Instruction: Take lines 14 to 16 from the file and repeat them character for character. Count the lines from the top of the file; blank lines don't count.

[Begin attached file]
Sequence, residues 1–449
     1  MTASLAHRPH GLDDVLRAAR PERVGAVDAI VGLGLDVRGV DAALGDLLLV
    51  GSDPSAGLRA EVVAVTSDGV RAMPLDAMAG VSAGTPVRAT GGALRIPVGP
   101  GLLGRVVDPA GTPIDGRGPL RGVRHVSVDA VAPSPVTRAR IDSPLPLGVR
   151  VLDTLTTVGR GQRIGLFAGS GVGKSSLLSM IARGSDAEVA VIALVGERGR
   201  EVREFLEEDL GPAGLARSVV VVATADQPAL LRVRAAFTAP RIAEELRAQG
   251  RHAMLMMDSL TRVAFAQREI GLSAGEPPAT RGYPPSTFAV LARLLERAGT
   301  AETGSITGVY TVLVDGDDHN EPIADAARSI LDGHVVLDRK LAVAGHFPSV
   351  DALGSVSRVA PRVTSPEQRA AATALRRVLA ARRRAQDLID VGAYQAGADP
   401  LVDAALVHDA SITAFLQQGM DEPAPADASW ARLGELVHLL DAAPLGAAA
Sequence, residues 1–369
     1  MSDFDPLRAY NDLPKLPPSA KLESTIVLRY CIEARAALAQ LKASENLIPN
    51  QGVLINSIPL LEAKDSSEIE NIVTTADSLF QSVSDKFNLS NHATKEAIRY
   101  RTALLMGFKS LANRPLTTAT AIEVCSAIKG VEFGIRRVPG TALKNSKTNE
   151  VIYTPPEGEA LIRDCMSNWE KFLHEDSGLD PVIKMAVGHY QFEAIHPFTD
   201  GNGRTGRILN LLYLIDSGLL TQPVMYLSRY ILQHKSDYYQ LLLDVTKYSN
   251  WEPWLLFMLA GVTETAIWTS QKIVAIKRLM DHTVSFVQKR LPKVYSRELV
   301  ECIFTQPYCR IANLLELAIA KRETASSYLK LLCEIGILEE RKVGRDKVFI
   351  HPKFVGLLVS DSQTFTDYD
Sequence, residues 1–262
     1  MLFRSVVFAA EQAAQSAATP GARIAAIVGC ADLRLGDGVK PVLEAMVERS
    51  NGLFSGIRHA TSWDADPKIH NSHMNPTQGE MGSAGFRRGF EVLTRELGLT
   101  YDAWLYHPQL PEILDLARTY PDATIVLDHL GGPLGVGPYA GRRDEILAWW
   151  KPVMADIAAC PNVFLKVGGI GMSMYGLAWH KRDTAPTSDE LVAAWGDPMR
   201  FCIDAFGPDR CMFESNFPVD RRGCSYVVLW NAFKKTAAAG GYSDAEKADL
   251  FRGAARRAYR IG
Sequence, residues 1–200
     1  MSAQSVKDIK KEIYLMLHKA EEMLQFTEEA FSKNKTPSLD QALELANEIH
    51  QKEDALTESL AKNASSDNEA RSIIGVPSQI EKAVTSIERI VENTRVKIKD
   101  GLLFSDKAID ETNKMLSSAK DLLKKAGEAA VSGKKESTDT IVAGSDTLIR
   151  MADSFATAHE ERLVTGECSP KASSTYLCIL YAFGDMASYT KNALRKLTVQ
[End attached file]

   101  RTALLMGFKS LANRPLTTAT AIEVCSAIKG VEFGIRRVPG TALKNSKTNE
   151  VIYTPPEGEA LIRDCMSNWE KFLHEDSGLD PVIKMAVGHY QFEAIHPFTD
   201  GNGRTGRILN LLYLIDSGLL TQPVMYLSRY ILQHKSDYYQ LLLDVTKYSN